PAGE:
Can Tho’s social-economic achievements over the past four decades allowed its leaders to feel confident about the goal to transform the city into an industrialised one before 2020, becoming a driving force for social-economic development in the whole Southwest region.

After its liberation in 1975, Can Tho was an undeveloped city with an economy largely dependent on agriculture and fishery which produced small revenues.

Along with national economic reform, the city has also experienced rapid social and economic transformation in recent years, especially after it became the fifth centrally-governed city in 2004.

With an average growth rate of 11.23 percent from 1976-2015, Can Tho is food self-sufficient and is the Mekong Delta region’s leading seafood and food exporter.

The city’s total rice output is expected to reach 1.3 million tonnes in 2015, five times more than that of 1976, and its fisheries sector turns out 190,000 tonnes annually.

The industrial sector has developed quickly as well. In 2015, the city’s industrial value is estimated at 103 trillion VND in comparison with a mere 135.2 billion VND in 1976.

Income per capita is expected to reach 3,636 USD in 2015, the highest in the region.

The city’s trade and service sector saw a strong increase with the total retail sales reaching 81 trillion VND (3.75 billion USD) in comparison with 90 million VND (4,169 USD) in 1976.

The tourism sector has grown impressively and it expects to receive around 1.4 million tourists this year, 258,000 of which will be international visitors, generating 1.3 trillion VND.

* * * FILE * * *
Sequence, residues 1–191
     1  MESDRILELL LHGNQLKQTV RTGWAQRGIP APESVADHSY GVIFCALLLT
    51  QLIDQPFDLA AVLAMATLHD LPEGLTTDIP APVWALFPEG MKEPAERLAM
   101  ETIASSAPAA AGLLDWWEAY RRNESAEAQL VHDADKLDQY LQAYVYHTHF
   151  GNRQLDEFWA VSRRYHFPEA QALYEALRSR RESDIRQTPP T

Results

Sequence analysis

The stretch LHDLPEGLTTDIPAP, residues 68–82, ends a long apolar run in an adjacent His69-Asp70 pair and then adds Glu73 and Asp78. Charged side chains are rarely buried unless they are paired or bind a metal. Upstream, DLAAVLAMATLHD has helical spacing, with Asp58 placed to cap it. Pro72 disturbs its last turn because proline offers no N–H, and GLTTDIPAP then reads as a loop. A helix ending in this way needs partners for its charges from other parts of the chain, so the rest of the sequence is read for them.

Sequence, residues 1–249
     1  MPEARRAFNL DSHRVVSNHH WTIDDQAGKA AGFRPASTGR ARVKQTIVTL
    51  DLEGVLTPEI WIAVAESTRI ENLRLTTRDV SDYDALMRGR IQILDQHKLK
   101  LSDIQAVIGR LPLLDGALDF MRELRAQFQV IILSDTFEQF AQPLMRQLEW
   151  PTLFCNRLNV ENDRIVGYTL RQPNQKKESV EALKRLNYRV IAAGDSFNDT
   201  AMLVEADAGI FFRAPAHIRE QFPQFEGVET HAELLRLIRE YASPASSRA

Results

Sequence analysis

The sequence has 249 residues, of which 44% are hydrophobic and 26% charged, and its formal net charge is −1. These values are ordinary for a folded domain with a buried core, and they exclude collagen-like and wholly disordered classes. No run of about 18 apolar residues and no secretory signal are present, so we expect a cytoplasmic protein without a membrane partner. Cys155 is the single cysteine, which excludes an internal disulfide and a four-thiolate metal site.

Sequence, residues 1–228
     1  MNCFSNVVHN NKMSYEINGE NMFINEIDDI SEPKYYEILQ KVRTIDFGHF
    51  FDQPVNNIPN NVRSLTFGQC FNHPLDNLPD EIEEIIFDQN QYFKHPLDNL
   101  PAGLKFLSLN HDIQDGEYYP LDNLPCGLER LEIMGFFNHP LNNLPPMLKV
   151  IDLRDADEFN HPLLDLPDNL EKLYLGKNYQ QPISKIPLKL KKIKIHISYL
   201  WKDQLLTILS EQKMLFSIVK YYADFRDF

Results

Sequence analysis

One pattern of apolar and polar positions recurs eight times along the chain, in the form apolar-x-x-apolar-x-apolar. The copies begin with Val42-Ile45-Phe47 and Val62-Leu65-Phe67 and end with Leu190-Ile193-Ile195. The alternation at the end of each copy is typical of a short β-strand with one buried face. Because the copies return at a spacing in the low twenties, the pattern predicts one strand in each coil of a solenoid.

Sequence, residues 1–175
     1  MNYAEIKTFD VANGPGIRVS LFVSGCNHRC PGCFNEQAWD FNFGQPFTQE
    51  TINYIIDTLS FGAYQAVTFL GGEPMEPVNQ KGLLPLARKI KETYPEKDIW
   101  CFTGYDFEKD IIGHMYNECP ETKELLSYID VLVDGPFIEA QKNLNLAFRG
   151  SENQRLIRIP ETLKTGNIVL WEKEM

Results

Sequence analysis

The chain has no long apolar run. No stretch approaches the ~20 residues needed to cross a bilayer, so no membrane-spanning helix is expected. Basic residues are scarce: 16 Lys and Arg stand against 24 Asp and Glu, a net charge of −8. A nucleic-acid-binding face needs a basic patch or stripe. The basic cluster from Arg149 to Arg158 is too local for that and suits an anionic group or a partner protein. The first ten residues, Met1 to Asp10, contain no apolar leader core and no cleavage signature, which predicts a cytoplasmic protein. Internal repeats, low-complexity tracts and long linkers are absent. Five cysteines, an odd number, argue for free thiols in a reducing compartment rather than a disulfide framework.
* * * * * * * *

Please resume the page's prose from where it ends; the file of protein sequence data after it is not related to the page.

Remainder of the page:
The city’s development investment reached nearly 13 billion USD between 2004 and 2015 with a number of big infrastructure projects, such as the Can Tho International Airport, the 3,000-megawatt O Mon Thermoelectric Plant, the Can Tho Bridge and the Cai Cui Port.

The city’s poverty rate stood at 2.84 percent in 2014 and the city is working to reduce it to 1.84 percent by the end of this year; dozen thousands of houses have been built for impoverished families.

According to city leaders, Can Tho still faces challenges such as unsustainable economic development, limited industrial production scale and lack of hi-tech products, low workforce quality and weak infrastructure connectivity.

According to Resolution No 45 by the Politburo, Can Tho will be developed into a clean, green, modern city and serve as a gateway to the Mekong Delta region.

The city will play a key role in industry, commerce, service, education, training, science, technology, health, culture, transport and defence and security for the region.

In order to achieve these ambitious goals, the city will have to implement various measures from urban planning to economic development, according to the city’s Party Committee Secretary Tran Thanh Man.

The city will focus on shifting its economic structure towards industry, commerce, service and hi-tech agriculture as well as develop its external economy to make Can Tho a centre for economic activities and cooperation with foreign countries, said Man.

He continued to say the city would focus on training a qualified workforce in education and training.

Besides upgrading existing health centres, a number of new hi-tech health centres will be built, he said.-VNA